An altogether different problem with the definitions is that according to them, one’s gender is objective (a gender-male is a person with masculine gender properties, which are objective), but gender identity is entirely subjective (based on one’s awareness of their gender, and that’s a subjective concept). Therefore we still face the delusion problem, although slightly different: a person has an internal sense of his/her identity which does not correspond to the gender properties he/she actually does have.

In conclusion, I think the mistake of gender theorists lies in the assumption that to change some of your gender properties requires or implies an underlying change in the identity. This is essentially why they created an entirely new (previously unknown) ontological category of gender identity, a category which is:

  • Entirely counterintuitive (based on the example I gave above). To suppose that a (biological) woman who follows gender roles associated with men becomes a gender-male is to suppose a very bizarre thing indeed.
  • Useless – if a man wishes to have female gender properties, so be it, but I see no benefit in henceforth calling him a woman. This category does not improve our understanding of the world, as all good categories should do.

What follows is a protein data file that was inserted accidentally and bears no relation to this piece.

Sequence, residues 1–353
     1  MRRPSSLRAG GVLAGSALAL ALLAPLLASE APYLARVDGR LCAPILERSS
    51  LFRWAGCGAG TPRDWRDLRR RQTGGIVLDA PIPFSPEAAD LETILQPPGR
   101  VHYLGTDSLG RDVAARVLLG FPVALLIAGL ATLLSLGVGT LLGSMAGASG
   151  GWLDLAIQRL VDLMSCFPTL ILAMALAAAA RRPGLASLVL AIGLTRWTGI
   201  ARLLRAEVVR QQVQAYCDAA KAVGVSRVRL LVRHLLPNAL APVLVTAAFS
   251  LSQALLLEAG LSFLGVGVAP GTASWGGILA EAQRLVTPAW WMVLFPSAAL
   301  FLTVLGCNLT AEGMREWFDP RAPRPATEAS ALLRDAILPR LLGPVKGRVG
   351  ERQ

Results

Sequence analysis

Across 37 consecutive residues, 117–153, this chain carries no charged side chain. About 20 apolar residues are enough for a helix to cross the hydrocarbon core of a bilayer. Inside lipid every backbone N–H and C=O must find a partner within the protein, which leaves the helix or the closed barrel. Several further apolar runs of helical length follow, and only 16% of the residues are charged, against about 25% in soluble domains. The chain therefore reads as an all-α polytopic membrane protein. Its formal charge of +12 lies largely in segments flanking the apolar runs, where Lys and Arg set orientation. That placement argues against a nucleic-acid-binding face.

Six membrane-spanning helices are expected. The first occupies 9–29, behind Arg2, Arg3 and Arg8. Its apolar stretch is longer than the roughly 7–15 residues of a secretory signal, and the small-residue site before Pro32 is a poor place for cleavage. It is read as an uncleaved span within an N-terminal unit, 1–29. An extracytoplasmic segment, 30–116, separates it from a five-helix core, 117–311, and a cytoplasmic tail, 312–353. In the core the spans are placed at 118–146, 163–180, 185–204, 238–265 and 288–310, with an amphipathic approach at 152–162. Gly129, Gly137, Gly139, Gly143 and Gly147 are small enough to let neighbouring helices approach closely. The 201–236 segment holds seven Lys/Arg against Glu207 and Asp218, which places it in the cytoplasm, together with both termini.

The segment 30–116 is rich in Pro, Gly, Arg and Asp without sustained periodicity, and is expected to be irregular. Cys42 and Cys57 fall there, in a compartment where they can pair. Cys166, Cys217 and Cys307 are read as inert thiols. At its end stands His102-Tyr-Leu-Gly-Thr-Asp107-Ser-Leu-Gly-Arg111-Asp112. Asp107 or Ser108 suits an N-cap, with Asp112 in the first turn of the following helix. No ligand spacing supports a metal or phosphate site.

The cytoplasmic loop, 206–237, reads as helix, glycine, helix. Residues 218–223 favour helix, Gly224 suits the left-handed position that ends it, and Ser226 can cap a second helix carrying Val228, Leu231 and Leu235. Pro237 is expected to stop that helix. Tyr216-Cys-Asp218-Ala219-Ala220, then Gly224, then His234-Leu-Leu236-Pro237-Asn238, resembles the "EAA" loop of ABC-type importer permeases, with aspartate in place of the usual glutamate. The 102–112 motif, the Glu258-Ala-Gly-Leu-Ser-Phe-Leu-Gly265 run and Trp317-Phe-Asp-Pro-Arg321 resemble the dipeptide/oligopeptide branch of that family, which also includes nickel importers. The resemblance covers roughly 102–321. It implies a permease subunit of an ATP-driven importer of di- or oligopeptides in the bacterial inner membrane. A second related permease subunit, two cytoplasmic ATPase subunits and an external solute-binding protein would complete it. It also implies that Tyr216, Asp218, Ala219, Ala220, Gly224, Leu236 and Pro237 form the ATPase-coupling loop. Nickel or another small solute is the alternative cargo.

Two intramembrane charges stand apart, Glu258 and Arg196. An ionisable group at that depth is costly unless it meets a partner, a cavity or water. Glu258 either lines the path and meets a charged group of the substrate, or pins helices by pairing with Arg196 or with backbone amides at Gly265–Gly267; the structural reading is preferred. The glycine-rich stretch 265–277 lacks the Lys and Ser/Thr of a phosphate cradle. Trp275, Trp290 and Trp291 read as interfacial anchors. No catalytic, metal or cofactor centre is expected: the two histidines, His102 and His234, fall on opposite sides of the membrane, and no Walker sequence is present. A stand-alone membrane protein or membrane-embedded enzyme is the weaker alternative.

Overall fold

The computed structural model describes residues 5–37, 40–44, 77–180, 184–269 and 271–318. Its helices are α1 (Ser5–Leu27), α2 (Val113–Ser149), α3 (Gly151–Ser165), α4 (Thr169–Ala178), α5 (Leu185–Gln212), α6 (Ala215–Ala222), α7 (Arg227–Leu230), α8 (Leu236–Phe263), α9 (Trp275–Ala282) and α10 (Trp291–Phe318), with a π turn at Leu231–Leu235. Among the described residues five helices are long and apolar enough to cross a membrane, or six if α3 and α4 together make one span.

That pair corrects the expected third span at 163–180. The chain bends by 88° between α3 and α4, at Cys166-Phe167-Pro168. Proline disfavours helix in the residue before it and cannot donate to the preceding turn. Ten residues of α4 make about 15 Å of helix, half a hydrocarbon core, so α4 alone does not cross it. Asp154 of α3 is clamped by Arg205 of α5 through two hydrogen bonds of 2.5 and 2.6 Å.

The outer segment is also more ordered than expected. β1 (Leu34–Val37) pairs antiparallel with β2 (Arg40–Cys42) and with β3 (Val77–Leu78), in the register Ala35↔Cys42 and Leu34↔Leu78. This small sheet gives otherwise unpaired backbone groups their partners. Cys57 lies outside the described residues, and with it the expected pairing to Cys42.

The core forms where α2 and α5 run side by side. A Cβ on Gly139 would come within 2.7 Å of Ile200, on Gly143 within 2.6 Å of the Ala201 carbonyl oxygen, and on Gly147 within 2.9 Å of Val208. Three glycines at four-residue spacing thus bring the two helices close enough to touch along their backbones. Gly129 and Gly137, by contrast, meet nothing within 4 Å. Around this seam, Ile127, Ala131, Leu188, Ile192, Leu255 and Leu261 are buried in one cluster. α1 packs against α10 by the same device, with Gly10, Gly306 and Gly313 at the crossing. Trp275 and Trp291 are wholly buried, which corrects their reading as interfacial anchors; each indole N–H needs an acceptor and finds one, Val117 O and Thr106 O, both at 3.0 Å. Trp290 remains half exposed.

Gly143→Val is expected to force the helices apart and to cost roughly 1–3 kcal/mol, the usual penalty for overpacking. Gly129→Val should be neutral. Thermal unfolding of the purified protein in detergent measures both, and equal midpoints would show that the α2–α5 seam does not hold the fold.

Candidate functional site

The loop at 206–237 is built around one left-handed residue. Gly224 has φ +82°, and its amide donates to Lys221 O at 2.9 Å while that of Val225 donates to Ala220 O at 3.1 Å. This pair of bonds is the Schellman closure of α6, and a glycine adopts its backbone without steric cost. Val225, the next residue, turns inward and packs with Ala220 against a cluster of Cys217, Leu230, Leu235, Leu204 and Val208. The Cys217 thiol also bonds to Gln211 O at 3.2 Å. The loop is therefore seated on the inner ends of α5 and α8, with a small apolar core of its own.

• Based on a reverse logic. By that I mean that ontology is mistakenly based on subject’s accidental properties, properties that merely correlate with subject’s identity (sex) instead of defining it (I initally wanted to elaborate on this point, but realised this is really a digression).

These considerations complete an outline of the reasons behind my refusal to use the concept of gender, a concept that was created relatively recently in a heavily abstract disciplines of postmodern philosophy and feminist studies. Although most, if not all, categories of thought are created by the human mind, not all categories are useful in our lives or conducive to our understanding the world. I think the category of gender identity does not pass these tests.

 


¹ I think only once have I ever seen a male-male partnership in a competition.

² Just to make this clear: I do not find anything inappropriate in the fact that two persons of the same sex dance together. If the numbers in a given team are unbalanced so that no partner of the opposite sex can be found, this is probably the only solution!